Screen Shot 2018-03-12 at 22.42.11Well, I’ve reached the winter break of the first season of the Borussia Dortmund save, so I thought it was an ideal time to update you on how things have been going. This is probably the most ‘classic Football Manager update’ you’ll get throughout this save, so it will be a little bit of a throwback to how I used to write on this blog.

In the last update, I covered the development of the first tactic I intended to use with my Dortmund side. I also outlined how it was designed to get the best out of my new signings – particularly Kasper Dolberg and Matthijs De Ligt. I also analysed the DFL-Supercup against Bayern Munich – as we came away with a 1-0 win against Heynckes’ side following a goal by Andre Schürrle. To say I was pleased would have been an understatement. I was also very optimistic about the 3-4-3, thinking it was a system we could use moving forward.

However, future matches illustrated to me that this wasn’t the case (at least against some opposition – it seems to work wonders against Bayern) and as a result I’ve had to be fairly flexible tactically throughout the first half of the first season of this save.

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Throughout the first half of the season, I’ve used the 3-4-3, a 4-2-3-1, a 4-1-3-2 and finally now a 4-4-2. I’ll very likely be doing a standalone piece on the 4-4-2 if it should continue to work by the end of the season (that’ll effectively be the end of season update), but it is a high pressing counter attacking 4-4-2 based on winning the ball and breaking forward quickly with short sharp passes.

Our adoption of the 4-4-2 has also coincided with the rise of Alexander Isak from talented young player (who I’d put into the first team as backup) to one of the most important players in our team. Since coming into the team to partner Kasper Dolberg upfront – largely because I had precious few options and I know he’s good on the game, Isak has scored 9 goals in 10 games, finishing off everything that has been sent his way by Dolberg (who currently has 15 goals and 10 assists for the season). They’ve been a terrifying front two, and I hope to keep them together even if I have to move away from the 4-4-2. I’m getting ridiculous numbers out of the system, such as 8 Clear Cut Chances in one half. Here’s an example of the ridiculous shot quality created by the system.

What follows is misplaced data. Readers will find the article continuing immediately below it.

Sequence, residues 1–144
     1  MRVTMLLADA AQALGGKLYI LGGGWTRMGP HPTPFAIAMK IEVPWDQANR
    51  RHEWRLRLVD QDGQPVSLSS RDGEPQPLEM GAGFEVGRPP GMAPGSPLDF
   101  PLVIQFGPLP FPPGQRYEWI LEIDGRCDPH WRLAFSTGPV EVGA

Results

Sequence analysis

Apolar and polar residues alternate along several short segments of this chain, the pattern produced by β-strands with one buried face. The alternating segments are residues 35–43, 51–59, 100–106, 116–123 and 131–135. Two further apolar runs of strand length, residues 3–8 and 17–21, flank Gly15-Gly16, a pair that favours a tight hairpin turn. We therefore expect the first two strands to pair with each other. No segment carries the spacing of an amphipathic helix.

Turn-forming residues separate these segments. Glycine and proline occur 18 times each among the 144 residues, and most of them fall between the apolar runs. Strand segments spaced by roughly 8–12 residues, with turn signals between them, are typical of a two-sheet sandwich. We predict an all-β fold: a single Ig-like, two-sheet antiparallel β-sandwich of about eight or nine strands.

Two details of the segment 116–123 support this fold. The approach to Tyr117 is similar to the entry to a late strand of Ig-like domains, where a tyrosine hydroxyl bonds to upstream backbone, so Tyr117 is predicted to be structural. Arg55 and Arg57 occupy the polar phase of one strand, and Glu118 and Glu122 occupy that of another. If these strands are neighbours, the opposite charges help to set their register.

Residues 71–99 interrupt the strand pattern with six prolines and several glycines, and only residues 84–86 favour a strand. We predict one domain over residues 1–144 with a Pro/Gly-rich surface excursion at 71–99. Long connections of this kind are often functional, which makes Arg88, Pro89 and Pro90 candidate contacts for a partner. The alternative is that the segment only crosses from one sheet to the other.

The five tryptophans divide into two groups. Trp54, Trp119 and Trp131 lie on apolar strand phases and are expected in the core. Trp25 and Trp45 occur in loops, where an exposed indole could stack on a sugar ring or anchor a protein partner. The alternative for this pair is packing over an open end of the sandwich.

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An example of the type of chances the 4-4-2 creates as Isak goes one on one with the keeper to put us 2-0 up against Augsburg. This all came from a Dolberg through ball. 

Well that’s all well and good, but how are we actually doing? Well, here’s an exhaustive list of our results. I’m not going to bore you by going through all of those, but as you can see things are going very well in the Bundesliga, with only losses to Freiburg and Hertha to our name. Conversely, we’ve beaten Bayern (with the 3-4-3), Schalke (with the 3-4-3) and Leipzig (with the 4-4-2). Realistically, only Leipzig and Bayern stand a chance against us at the moment, and they’re the two teams I’m going to be focusing on for the rest of the season, but more on that later.

Unfortunately we were dumped out of the DFB-Pokal in the 3rd round away to Wolfsburg, but although I’m disappointed by that because it marked the end of our fantastic run with the 4-4-2 that began against Leipzig, I’m not entirely gutted because it now means we can focus on the Bundesliga.

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Speaking of the Bundesliga, things are going very, very nicely. We sit 6 points clear at the top of the table at the winter break, with Leipzig as our main rivals.